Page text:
Anglo-Saxon culture of Britain. It was a name for a literally comes from the words drink and water, but there are many interesting theories as to the reason for the nickname. The universal beverage in the Middle Ages was weak ale, perhaps the name was given to a teetotaler; or perhaps to a pauper unable to afford beer. Perhaps the name was given in irony to an innkeeper or a noted tippler. Some have even suggested that the name was given to diabetics who had voracious thirsts.
Early Origins of the Drinkard family
Cheshire where they held a family seat from very ancient times, some say well before the Norman Conquest and the arrival of Duke William at Hastings in 1066 A.D.
Early History of the Drinkard family
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Drinkard Spelling Variations
spelling variations, including Drinkwater, Drinkwatter and others.
Early Notables of the Drinkard family (pre 1700)
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Migration of the Drinkard family to the New World and Oceana
To escape the unstable social climate in England of this time, many families boarded ships for the New World with the hope of finding land, opportunity, and greater religious and political freedom. Although the voyages were expensive, crowded, and difficult, those families that arrived often found greater opportunities and freedoms than they could have experienced at home. Many of those families went on to make significant contributions to the rapidly developing colonies in which they settled. Early North American records indicate many people bearing the name Drinkard were among those contributors: John Drinkwater who settled in Barbados in 1658 and moved to Virginia in 1660; another John Drinkwater settled in Virginia in 1637; William Drinkwater settled in Barbados in 1664.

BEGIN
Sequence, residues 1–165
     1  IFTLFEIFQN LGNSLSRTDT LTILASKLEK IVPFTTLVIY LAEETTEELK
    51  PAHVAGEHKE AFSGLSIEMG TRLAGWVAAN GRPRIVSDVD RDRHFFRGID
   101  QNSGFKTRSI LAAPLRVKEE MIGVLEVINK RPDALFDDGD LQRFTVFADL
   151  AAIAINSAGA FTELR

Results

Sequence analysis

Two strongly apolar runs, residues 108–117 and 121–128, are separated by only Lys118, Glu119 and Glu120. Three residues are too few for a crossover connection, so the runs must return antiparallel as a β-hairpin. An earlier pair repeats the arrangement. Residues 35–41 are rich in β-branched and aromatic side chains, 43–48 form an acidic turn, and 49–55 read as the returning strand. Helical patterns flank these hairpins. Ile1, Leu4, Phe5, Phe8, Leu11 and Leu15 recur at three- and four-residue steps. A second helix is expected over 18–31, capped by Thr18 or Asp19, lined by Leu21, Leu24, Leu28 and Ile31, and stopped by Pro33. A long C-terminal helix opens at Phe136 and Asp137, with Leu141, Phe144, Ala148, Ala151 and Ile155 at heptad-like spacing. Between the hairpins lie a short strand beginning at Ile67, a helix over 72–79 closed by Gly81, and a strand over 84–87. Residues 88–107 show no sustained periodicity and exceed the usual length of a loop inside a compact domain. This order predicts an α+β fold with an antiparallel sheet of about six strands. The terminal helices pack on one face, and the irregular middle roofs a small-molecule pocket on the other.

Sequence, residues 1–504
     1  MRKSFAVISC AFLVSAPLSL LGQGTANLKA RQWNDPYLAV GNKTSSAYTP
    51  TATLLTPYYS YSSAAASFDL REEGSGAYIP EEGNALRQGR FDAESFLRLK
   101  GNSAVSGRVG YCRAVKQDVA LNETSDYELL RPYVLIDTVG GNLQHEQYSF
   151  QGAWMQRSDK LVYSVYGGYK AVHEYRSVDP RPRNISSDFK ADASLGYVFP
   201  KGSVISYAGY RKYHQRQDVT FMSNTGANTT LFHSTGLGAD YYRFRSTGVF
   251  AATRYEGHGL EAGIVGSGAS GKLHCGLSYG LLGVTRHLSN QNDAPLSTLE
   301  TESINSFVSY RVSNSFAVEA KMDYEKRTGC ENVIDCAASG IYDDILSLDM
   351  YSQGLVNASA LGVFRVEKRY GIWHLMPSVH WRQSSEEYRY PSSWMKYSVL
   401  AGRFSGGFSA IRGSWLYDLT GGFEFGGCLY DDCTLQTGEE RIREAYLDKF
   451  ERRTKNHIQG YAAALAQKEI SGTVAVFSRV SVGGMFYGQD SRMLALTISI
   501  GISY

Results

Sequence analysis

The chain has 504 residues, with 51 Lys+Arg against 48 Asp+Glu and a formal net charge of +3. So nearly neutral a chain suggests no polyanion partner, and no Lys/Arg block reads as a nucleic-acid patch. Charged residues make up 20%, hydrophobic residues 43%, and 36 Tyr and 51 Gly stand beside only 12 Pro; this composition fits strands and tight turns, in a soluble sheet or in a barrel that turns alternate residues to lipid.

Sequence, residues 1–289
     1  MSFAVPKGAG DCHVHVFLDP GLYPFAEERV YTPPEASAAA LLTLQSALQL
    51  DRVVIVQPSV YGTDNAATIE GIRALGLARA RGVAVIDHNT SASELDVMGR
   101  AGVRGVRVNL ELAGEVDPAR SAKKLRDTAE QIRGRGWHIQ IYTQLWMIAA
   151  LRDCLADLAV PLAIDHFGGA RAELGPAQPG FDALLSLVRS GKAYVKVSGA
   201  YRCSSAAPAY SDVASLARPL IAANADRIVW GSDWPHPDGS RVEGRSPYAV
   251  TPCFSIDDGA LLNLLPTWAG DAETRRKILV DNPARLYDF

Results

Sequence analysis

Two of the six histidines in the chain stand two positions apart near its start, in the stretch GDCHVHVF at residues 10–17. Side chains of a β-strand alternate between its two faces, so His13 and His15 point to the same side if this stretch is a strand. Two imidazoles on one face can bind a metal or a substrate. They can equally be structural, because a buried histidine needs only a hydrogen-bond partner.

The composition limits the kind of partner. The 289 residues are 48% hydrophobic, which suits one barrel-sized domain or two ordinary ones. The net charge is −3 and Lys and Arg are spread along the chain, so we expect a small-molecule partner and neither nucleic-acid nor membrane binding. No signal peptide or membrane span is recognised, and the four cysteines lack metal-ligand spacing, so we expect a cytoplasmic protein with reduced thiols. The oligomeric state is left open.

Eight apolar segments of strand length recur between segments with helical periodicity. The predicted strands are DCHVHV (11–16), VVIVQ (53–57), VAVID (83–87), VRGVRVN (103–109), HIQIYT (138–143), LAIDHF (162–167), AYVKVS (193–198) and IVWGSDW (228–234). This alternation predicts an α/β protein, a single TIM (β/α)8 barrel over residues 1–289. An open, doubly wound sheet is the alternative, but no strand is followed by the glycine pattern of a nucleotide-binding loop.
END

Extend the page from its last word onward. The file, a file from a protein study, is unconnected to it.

Contemporary Notables of the name Drinkard (post 1700)
The Drinkard Motto
The motto was originally a war cry or slogan. Mottoes first began to be shown with arms in the 14th and 15th centuries, but were not in general use until the 17th century. Thus the oldest coats of arms generally do not include a motto. Mottoes seldom form part of the grant of arms: Under most heraldic authorities, a motto is an optional component of the coat of arms, and can be added to or changed at will; many families have chosen not to display a motto.
Motto: Labore omnia florent
Motto Translation: All things flourish with industry.
Drinkard Family Crest Products